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Court: Michigan city can't conceal police force policy


A police department in Michigan's Upper Peninsula has been ordered to release its full policy on the use of force after failing to convince the state appeals court that portions should be concealed from the public.

The court noted that Amy Hjerstedt's request in Sault Ste. Marie followed the killing of George Floyd by police in Minneapolis in 2020.

“Michigan has a strong public policy favoring public access to government information," Judge Sima Patel said Tuesday in a 3-0 opinion.

"Although certain information may be exempt from disclosure, the statutory exemptions are not intended to shield public bodies from the transparency that FOIA was designed to foster,” Patel said, referring to Michigan's public records law.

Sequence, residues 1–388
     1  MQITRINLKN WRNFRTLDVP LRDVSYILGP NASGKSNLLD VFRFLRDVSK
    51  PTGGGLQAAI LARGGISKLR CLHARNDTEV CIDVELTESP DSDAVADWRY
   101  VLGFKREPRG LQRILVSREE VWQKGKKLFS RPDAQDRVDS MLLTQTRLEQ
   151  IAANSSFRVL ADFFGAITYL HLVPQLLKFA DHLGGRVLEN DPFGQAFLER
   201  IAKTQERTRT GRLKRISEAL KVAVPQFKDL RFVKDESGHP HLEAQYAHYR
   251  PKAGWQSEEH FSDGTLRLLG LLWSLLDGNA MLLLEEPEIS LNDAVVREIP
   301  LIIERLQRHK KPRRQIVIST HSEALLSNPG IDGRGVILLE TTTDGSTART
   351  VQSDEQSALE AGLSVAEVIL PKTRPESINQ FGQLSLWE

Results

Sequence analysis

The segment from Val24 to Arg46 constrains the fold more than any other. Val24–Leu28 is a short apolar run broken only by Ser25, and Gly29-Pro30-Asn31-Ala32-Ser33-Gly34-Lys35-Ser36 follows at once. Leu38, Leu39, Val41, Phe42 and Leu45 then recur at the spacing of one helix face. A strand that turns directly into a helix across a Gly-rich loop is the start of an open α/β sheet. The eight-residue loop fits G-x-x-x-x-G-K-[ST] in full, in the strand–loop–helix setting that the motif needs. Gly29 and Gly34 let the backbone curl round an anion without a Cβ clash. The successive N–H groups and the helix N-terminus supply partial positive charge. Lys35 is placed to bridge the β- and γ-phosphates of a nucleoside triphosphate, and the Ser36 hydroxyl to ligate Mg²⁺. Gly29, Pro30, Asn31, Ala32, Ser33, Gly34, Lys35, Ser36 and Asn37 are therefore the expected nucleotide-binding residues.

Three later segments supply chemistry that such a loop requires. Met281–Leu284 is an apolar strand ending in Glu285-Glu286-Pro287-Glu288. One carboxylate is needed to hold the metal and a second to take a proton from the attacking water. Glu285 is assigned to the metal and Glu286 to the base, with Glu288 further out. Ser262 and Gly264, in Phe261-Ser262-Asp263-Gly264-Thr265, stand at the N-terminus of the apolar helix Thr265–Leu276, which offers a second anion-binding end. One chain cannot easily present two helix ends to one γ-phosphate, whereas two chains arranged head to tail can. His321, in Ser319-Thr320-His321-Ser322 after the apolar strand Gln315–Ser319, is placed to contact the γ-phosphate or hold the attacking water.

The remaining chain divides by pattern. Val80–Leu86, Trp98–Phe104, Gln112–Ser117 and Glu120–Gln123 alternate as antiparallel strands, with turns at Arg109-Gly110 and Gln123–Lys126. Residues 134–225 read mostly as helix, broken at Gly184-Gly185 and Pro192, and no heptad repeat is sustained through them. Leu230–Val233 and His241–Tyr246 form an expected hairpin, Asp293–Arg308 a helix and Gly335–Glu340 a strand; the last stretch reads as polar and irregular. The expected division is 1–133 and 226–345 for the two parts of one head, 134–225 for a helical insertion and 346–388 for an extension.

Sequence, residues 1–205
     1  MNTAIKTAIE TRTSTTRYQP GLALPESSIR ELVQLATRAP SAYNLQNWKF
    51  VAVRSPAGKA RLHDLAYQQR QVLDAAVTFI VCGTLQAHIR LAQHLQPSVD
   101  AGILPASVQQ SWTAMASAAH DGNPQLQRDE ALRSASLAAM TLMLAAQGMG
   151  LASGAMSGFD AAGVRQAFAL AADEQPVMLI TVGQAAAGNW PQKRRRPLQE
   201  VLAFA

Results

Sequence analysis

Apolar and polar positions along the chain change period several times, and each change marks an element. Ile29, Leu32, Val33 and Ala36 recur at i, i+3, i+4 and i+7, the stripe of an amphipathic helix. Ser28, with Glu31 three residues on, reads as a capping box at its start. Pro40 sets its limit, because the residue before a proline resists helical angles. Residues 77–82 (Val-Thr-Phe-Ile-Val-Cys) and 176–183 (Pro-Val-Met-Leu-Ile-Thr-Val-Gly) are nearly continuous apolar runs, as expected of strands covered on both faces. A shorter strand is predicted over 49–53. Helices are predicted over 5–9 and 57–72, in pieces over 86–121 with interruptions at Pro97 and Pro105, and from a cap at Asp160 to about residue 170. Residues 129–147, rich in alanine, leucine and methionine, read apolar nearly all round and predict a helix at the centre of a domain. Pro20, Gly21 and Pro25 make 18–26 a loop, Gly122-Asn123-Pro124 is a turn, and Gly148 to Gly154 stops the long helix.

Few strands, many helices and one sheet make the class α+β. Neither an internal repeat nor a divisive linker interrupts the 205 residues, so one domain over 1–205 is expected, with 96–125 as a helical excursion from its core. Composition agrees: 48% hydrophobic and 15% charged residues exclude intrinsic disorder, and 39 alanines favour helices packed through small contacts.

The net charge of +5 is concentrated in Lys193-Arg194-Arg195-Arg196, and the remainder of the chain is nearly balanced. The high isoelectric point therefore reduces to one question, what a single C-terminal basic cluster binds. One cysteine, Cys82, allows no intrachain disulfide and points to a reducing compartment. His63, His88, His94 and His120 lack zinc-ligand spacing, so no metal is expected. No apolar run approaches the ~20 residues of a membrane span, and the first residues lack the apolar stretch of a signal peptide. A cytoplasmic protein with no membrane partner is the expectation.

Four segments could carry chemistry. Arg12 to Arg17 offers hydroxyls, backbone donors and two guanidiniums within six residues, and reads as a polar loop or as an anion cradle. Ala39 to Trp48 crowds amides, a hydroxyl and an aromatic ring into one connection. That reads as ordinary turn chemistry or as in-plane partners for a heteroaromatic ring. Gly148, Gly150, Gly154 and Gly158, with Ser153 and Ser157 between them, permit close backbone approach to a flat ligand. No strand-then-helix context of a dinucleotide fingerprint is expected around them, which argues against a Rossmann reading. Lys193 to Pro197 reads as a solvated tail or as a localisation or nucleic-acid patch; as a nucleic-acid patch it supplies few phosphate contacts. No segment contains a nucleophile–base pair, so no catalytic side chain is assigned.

Sault Ste. Marie, population 13,400, gave Hjerstedt only a heavily redacted copy of its policy. The redactions centered on use-of-force considerations and other strategies.

Police Chief Wesley Bierling said releasing the information could affect the safety of officers and the general public. A Chippewa County judge ruled in favor of the city.

The appeals court, however, overturned the decision, citing three key points under the records law. The court said other police departments have posted their policies online.

"The city could not produce any particularized evidence that the availability of these policies has resulted in endangerment of the life or safety of law enforcement officers, their families or the general public,” Patel wrote, joined by judges Stephen Borrello and Douglas Shapiro.

The court sent the case back to Judge James Lambros to release the force policy, award attorney fees to Hjerstedt and determine whether Sault Ste. Marie should pay $1,000 in punitive damages.

The Associated Press is an independent global news organization dedicated to factual reporting.